Protected ClassesCreated: 8/9/2016
By Ed Smith
Discrimination is making a distinction in favor of or against, a person based on the group, class, or category (referred to as a protected class) to which that person belongs rather than on individual merit. Discrimination is against the law.
There are seven federally protected classes: Race, Color, National Origin, Religion, Sex, Familial Status and Handicapped.
New York State now has eight additional protected classes: Age, Creed, Sexual Orientation, Military Status, Marital Status, Disability, Domestic Violence Victim Status and added in May, 2016 Gender Identity. “Gender Identity is defined as having or being perceived as having a gender identity, self-image, appearance, behavior or expression, whether or not, that is different from that traditionally associated with the sex assigned to that person at birth. Included in the definition is “Transgender” and “Gender Dysphoria” (a medical condition).”
In addition the amended regulations gave the NYS DOS the right to discipline a licensee that was found to have participated in a discriminatory practice. Penalties may include fines and the suspension or revocation of the agents or broker’s license.
Some cities have additional groups that you may not discriminate against. In New York City the following are protected classes: Partnership Status (Domestic Partners), Alienage or Citizenship Status (one’s citizenship or immigration status), Lawful Source of Income (Social Security, Public Assistance including Section 8) [This is also a protected class in Nassau, Suffolk and Westchester Counties], and Gender Identity (Appearance, Behavior “Different from that traditionally associated with the legal sex assigned to that person at birth.”)
In Connecticut the protected classes are: Age, Mental Disability, Physical Disability, Learning Disability, Marital Status, Ancestry, Gender, Lawful Source of Income, Sexual Orientation, Service Animal Access and Criminal Record (in employment and licensing by the State).
The State of New Jersey protects the following classes: Race, Creed (Religion), Color, National Origin, Age, Ancestry, Nationality, Marital or Domestic Partner, Civil Union Status, Sex (including Pregnancy), Gender Identity or Expression, Disability, Military Service, Affectional or Sexual Orientation, Atypical Cellular or Blood Trait, Genetic Information, Family Status, and Source of Lawful Income or Source of Rent Payments.
As agents we must be careful that we do not inadvertently discriminate by asking questions of individuals about what groups (protected classes) they belong to or assuming a person is a member of a specific group, class or category. Treat all people individually and fairly.
In the real estate industry we sometimes can get caught up with what I will call inadvertent discrimination. Since the tragedies of 9/11 and subsequent terrorist attacks throughout the world there has been an added sensitivity regarding discriminating against ones culture or religion. A culturally diverse customer (or any customer) may consider you discriminating (and possibly sue you) if you do not present to them all the listing you have that fit their requirement. “Why did you not let me bid on that building?” “Why didn’t you show me that building, because I’m ________”. Don’t make decisions for your clients; show them ever property in your market area that fits their criteria of size and budget. Let the customer decide.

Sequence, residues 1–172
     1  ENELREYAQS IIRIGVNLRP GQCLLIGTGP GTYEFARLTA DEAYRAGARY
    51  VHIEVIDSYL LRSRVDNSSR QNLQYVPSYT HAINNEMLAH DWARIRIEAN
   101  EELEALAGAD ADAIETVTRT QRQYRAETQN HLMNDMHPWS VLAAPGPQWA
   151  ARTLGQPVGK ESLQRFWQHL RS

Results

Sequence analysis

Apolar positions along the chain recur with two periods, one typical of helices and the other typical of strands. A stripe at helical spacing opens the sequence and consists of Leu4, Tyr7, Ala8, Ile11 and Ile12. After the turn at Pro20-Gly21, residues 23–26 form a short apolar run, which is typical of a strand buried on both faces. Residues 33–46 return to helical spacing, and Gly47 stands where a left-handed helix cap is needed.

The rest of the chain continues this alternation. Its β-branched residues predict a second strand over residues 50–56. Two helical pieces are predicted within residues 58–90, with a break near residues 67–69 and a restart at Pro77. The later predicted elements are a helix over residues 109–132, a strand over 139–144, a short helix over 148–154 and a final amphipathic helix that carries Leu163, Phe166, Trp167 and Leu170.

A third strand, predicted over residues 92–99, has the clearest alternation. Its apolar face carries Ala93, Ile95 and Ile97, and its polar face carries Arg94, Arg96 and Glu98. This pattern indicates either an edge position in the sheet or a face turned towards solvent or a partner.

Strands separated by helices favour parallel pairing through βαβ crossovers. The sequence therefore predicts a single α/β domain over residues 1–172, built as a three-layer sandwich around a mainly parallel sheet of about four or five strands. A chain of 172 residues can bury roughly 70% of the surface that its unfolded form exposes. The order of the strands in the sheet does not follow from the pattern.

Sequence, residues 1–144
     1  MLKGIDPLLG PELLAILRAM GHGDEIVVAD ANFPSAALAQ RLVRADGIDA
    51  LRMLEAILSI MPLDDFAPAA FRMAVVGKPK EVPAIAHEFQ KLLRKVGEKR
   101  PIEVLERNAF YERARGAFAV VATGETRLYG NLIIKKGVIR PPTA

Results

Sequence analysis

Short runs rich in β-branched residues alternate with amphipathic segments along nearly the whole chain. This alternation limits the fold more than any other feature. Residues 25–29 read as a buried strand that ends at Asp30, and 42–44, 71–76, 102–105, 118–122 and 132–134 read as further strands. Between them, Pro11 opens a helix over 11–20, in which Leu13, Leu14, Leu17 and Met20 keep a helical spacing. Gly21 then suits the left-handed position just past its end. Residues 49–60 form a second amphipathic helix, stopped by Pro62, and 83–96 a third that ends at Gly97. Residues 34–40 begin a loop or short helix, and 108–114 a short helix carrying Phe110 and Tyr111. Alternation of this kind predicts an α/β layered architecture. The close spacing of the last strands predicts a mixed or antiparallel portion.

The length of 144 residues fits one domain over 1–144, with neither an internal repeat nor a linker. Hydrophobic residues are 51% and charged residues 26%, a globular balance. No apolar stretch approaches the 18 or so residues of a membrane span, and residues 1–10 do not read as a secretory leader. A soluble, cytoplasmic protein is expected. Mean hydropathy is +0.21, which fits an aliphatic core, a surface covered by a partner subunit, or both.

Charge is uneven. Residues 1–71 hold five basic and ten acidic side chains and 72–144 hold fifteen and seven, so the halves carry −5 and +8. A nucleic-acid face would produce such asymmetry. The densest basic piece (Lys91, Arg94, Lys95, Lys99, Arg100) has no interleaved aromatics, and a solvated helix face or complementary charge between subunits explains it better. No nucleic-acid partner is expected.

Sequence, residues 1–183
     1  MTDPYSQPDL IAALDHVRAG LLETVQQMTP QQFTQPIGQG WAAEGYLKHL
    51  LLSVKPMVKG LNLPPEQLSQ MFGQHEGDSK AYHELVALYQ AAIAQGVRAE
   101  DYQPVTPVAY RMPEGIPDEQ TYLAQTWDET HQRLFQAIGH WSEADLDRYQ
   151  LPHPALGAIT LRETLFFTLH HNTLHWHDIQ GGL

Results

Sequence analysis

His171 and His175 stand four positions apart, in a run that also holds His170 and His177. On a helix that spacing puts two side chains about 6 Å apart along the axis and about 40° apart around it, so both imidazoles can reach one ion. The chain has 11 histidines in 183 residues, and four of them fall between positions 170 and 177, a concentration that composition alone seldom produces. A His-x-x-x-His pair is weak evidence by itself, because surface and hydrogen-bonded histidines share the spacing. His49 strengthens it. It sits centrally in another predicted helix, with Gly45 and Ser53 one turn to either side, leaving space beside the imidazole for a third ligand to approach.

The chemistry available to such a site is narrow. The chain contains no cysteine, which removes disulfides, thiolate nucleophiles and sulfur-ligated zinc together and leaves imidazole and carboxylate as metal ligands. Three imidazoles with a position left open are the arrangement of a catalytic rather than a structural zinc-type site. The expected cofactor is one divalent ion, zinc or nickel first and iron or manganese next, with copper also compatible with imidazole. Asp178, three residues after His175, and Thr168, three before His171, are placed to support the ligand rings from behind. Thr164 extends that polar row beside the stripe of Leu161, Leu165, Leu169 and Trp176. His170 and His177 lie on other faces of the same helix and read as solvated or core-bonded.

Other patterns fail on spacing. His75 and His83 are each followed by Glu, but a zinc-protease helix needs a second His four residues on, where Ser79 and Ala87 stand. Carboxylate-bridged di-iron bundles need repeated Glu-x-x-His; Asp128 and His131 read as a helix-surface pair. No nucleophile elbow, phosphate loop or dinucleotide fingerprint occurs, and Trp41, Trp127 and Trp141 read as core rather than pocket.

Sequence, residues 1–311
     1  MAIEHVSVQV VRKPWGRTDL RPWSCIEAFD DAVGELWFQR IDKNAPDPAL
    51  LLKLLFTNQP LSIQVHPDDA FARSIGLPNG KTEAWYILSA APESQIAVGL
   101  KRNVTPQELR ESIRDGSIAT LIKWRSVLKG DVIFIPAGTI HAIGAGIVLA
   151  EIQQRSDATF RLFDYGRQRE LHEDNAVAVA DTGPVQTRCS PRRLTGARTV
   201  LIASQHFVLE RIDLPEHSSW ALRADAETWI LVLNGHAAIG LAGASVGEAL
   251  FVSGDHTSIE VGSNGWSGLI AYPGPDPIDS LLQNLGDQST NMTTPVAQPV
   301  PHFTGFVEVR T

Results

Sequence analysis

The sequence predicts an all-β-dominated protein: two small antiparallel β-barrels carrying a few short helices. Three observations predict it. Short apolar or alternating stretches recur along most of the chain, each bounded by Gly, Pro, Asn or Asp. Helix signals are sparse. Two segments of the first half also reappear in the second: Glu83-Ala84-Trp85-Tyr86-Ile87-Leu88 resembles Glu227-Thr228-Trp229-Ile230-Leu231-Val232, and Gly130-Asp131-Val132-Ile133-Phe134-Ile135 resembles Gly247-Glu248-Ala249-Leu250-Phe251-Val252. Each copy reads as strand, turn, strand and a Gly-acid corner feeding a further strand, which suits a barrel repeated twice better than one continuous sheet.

Don’t let the customer steer you in the wrong direction. “I only want to locate my business in ____ (that part of town)”; perhaps a specific religious or cultural area. This could be construed as Steering, the illegal funneling of real estate buyers to a particular area based on the desire to keep the makeup of that neighborhood the same or intentionally change it. Steering refers to the illegal practice of real estate agents only showing certain ethnic groups properties located in specific ethnic areas. An example would be showing an Asian businessperson store sites that are only located in Asian communities. Show the customer all properties available in your market area based on their size and budget requirements. Let the customer decide. Also remember customers do sometimes change or expand their criteria.
Occasionally we find that our client is prejudice. “Don’t bring any ______!” “I won’t lease to_______!” The word prejudice refers to prejudgment: unreasonable feelings, opinions, or attitudes, especially of a hostile nature, regarding a racial, religious, or national group. You may have to walk away from this situation. Do not put your reputation and license in jeopardy.
Be aware of Omission Prejudice, “Your Company represented the _____ building, why didn’t you show it to me?” Agents sometimes make decisions for their customers, that property is no good for them, it’s too big, too small, or too expensive, it’s in the wrong area. Show the client everything available in your market area: I like to use the 10/20 rule in showing property. Search all properties that at 10% smaller to 20% larger than the target size. Let the customer decide.
You have a property that recently closed or is currently in contract with a sign on it. A new customer calls on the sign. You must disclose the facts, so you do not appear to be misleading with your advertising. Remember if the property is in contract, unless the owner has directed you, in writing, to stop showing the property, you must show it until it closes. If the new customer decides to make an offer, you need to caution the owner to consult with their attorney because they are in contract, and accepting another offer could have legal consequences.
Communicate with your customers. A lack of communication, even if you have nothing that fits their criteria now, may be misunderstood and taken that you are discriminating against them. Avoid even the appearance of impropriety.